Skill Score: 84.3%
Draft Projection: New York Jets (3rd overall)
3. Baker Mayfield – Oklahoma
Baker Mayfield is the most polarizing quarterback in this draft class, and maybe even the most polarizing prospect in the draft as a whole. He has his fair share of character concerns that range from grabbing his crotch to running from the police. Hidden in there though, is the ultimate competitor. Baker Mayfield has worked for everything that he has earned. The 2017 Heisman trophy winner wears the number six because that’s the number that was given to him as a walk-on at Texas Tech. It’s also because he is exactly six feet tall and wants people to remember that. Mayfield displays adequate accuracy and he can move around in the pocket very well. Even with all that, he is no Russell Wilson. Baker has some mechanical issues that he needs to fix. He throws with a square base without stepping toward his target a little too often and the ball dips below his elbow on his release. I believe Baker will have to sit a year, but as we all know, he will try his best to earn the starting job.
Skill Score: 79.5%
Draft Projection: Miami Dolphins (7th overal via trade with Buccaneers)
4. Josh Rosen – UCLA
Surprise! Josh Rosen is not in my top three quarterbacks. I honestly don’t get why some people rank him as their QB1. Before watching any of the quarterbacks, I thought that I would like Rosen the most. That is not the case. He doesn’t have as strong of an arm as Josh Allen and he is not more accurate than Sam Darnold. Sometimes he makes terrible decisions that leave me scratching my head (pick six vs. Memphis). I do not see how some people label him as the ‘most pro ready quarterback’ in the draft. I just don’t. Does that mean I don’t think he’s going to be a good quarterback? Negative. He has the chance to become a solid starter. He needs to work on his feet and step into more throws. He doesn’t necessarily throw off his back foot, but he just doesn’t transfer his weight onto his front foot. He also needs to become a better decision maker. He’s accurate, he does well with his progressions, and he can move around in the pocket well due to his tennis background. I just have a feeling that Rosen will have huge expectations and he will never live up to them.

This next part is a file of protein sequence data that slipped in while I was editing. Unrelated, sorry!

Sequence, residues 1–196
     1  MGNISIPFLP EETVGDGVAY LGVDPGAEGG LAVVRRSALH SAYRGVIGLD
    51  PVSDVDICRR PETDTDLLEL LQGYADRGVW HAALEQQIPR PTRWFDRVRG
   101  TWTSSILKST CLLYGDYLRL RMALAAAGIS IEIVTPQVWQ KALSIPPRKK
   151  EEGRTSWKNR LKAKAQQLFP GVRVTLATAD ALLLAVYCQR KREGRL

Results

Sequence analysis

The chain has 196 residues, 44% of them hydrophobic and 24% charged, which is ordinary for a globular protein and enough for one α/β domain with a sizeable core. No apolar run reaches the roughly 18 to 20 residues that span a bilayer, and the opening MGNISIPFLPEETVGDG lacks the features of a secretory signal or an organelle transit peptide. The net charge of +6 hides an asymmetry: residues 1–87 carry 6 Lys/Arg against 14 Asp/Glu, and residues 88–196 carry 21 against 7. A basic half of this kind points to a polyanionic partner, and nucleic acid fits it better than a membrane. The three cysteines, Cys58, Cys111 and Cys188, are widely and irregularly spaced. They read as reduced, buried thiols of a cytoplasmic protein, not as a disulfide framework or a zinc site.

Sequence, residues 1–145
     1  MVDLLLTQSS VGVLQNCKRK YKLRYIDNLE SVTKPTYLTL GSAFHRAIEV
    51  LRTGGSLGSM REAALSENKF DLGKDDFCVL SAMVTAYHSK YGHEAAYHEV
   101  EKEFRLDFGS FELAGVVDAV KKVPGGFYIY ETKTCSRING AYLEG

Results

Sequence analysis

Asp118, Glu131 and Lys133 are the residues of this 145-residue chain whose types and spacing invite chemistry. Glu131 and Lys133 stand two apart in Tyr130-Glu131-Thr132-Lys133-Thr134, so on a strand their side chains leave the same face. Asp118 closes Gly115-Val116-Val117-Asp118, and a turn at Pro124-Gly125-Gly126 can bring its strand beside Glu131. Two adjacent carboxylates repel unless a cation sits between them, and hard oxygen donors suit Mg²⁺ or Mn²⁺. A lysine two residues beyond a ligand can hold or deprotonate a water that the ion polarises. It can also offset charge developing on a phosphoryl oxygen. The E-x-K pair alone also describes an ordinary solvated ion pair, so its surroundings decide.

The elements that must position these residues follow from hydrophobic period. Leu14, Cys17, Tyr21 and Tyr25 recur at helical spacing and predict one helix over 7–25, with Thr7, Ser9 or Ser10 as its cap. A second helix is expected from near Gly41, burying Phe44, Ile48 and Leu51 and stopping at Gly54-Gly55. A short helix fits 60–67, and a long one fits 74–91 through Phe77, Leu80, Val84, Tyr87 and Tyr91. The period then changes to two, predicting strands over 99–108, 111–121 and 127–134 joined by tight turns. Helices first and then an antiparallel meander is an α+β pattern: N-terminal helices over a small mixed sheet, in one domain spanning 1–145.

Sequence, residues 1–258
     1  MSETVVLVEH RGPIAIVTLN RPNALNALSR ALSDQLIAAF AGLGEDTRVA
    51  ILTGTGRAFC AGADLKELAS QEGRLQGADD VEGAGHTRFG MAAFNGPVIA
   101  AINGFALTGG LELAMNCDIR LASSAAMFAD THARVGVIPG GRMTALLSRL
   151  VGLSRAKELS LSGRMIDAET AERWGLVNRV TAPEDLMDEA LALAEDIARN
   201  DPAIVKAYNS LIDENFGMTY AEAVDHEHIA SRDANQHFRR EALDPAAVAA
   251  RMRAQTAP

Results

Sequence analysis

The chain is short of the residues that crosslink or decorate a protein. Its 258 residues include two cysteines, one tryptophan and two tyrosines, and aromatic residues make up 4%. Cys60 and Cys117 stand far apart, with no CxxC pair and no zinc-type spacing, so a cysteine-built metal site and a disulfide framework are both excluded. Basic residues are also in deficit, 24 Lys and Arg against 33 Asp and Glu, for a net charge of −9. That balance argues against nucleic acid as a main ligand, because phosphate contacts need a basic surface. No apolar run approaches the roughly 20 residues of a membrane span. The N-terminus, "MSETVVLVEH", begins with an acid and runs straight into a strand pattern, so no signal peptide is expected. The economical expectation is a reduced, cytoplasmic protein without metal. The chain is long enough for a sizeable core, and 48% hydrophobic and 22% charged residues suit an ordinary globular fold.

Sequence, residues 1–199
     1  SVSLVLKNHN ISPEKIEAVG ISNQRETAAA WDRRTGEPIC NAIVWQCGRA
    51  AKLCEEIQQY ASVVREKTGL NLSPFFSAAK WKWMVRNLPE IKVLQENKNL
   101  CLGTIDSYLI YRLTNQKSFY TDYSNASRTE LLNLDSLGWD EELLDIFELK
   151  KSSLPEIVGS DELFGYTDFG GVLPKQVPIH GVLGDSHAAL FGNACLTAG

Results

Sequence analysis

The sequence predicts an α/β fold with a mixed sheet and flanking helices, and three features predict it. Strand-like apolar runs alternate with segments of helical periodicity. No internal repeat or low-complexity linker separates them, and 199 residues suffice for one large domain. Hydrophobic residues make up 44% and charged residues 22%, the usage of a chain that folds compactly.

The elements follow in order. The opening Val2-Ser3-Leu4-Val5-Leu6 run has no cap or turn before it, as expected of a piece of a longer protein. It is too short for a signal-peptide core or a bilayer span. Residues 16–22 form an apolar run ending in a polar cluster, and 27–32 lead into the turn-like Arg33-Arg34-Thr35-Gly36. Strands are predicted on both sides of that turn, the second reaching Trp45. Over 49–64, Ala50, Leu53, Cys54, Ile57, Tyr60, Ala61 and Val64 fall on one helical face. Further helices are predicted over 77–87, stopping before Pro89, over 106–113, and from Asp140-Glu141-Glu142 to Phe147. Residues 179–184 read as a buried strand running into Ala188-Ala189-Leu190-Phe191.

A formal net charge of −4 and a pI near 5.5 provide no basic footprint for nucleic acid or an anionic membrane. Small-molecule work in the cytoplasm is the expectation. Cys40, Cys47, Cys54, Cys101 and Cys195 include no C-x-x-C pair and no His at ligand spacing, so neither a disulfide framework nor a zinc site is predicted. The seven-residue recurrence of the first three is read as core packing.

Skill Score: 77.1%
Draft Projection: Buffalo Bills (6th overall via trade with Colts)
5. Lamar Jackson – Louisville
Just like Rosen, I am not as high on Lamar Jackson as most people are. He is accurate on some throws, but he does not make those throws consistently, or even close to it. He often misses high or overthrows his targets which will make him pay. He also makes some terrible decisions. One bad decision that sticks out to me the most is when he was getting taken down by a North Carolina defender. He was looking straight up into the sky and his back was about a foot off the ground when he carelessly threw the ball into a crowd of North Carolina defenders. Luckily for Jackson, that pass was dropped. He should’ve taken the sack instead of forcing that throw. In my opinion, he forces too many throws. Now I don’t want to take up all of this space bashing Lamar. He has a strong arm. He has elite mobility and is very elusive. He can sometimes even lower his shoulder to gain more yards even though some ‘experts’ say that he will break upon impact. I don’t really have any worries about that. But instead of lowering his shoulder, he will have to learn to slide. He is very confident and nobody says a bad word about him. I am a fan of Lamar Jackson the person, and I hope he exceeds. One note to end on: he is not a wide receiver.
Skill Score: 71.1%
Draft Projection: Giants (34th overall)
That is it for my top five quarterback rankings! I know many will try to rip me a new one and question my ability to scout. To my defense, I don’t have access to all of the film and I am a college student so I don’t have all the time in the world to watch every single game. With all that said though, I put my best effort into watching all of these guys and I watched as much film as possible on all of them.